Steroid dose was found to have a non-linear association with hypertension (OR (95% CI) for a quadratic term in the model, 0.997 (0.995 to 1.00); p=0.0033) and avascular necrosis (OR (95% CI) for a quadratic term in the model, 0.998 (0.996 to 1.000); p=0.0300). The quadratic terms were found to have OR <1.0, indicating that the risk of hypertension and avascular necrosis plateaued over time.
Steroid duration was not found to have a non-linear association with any of the case outcomes.
SLE disease activity is known to be associated with long-term organ damage and linked to steroid exposure.8 12 13 A quantitative review of published studies highlighted a strong correlation between avascular necrosis rate and total daily corticosteroid dose almost 30 years ago, and it is recommended to closely monitor patients with SLE with MRI.14 15 However, certain types of organ damage might be more likely to be caused by disease activity and/or steroid exposure.16 Corticosteroid risks have been identified in studies from other diseases and are included on product labels, but there remains a lack of quantitative information on the exact risks conferred, populations at highest risk and how risks might be mitigated through prescribing practice (eg, avoiding intensive treatment above a given level of mg/day or avoiding long, unremitting duration of exposure). In particular, the risk–benefit considerations of corticosteroid use must be evaluated specifically in SLE populations, where the risk of poor outcomes due to uncontrolled acute inflammatory disease activity should be considered against the risk of steroid-related AEs.
This study was designed to assess the effect of different patterns of steroid use on five SLE damage outcomes believed to be largely or partially caused by steroid exposure, and to quantify the proportion of the risk of these outcomes in SLE that could be attributable to cumulative steroid exposure. The study findings indicate that the risk of cumulative steroid dose may be more important to consider than duration of exposure.
Zonana-Nacach et al 1 performed a survival analysis using 539 incident patients with SLE enrolled in the Hopkins Lupus Cohort.1 The authors found that cumulative prednisone dose was associated with the development of osteoporotic fractures (rate ratio (RR) (95% CI) 2.5 (1.7 to 3.7)) and cataracts (RR (95% CI) 1.9 (1.4 to 2.5)) for a 10-year exposure to 10 mg per day of prednisone, after adjustment for age, race and sex. The RR for hypertension, diabetes and avascular necrosis was ≥1 but not statistically significant. High-dose steroid (≥60 mg/day) use was associated with increased risk of avascular necrosis (RR (95% CI) 1.2 (1.1 to 1.4)). While our study used a matched case-control design with adjustment for a number of covariates, including disease activity, Zonana-Nacach et al 1 conducted a survival analysis adjusting for age, race and sex, but not disease activity. Despite the differences in study design, our results were consistent with findings from this paper. The increase in number of covariates (especially disease activity accounting for some of the steroid dose effect) may have accounted for the differences in strength of association between these studies.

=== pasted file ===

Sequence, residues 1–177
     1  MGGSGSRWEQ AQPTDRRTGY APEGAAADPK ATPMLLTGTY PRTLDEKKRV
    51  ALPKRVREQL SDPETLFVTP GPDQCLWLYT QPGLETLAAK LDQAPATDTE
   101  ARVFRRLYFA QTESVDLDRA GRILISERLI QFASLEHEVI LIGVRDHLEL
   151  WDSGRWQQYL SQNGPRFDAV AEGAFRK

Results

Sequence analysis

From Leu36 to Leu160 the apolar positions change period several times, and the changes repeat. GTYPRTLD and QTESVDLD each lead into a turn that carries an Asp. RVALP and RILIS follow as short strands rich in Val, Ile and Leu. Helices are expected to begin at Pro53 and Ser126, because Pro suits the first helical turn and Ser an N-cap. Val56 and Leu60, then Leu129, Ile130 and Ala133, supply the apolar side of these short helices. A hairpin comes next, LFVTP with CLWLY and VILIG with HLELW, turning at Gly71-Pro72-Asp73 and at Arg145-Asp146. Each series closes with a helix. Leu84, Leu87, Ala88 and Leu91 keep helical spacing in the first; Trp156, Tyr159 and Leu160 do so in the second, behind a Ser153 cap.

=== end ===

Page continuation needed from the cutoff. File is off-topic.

Similar to the current study, the prior study by the coauthors in the Hopkins Lupus Cohort looked at the effect of the mean prior prednisone dose (≥7.5 mg/day vs <7.5 mg/day) on the overall damage and the specific outcomes of cataract and fracture.2 These results found that the risk of cataract and fracture increased over two times in patients with a mean dose ≥7.5 mg/day compared with <7.5 mg/day. In another previous analysis restricted to patients under 60 years of age, disease activity, hypertension, duration of SLE, diabetes, smoking, cholesterol, renal involvement, immunological profile and medication history were adjusted for; cumulative prednisone dose, equivalent to 10 mg/day (3–10 years), increased the risk of cataract three times, while exposure equivalent to 10 mg/day for >10 years resulted in a fourfold increase in risk.17 The current study further substantiates these findings by exploring the risk associated with different potential toxicological models of steroid exposure.
A key challenge for this study was to disentangle the effects of SLE disease activity and steroid exposure on the study outcomes. In addition, one of the key limitations of this study, or of any study that attempts to assess the association between steroid exposure and organ damage outcomes in SLE, is the potential for confounding by SLE disease activity and/or disease severity (or treatments associated with severe disease). These two factors are closely related, as spikes in disease activity will often lead to an increase in steroid dose that should, in turn, lead to a decrease in disease activity.
Average disease activity has been shown to be associated with risk of new organ damage in SLE in several studies.8 12 Previous studies have found steroid exposure to be significantly associated with organ damage in SLE.10 The SDI score for SLE-related organ damage was developed to capture all major types of organ damage known to occur in SLE.3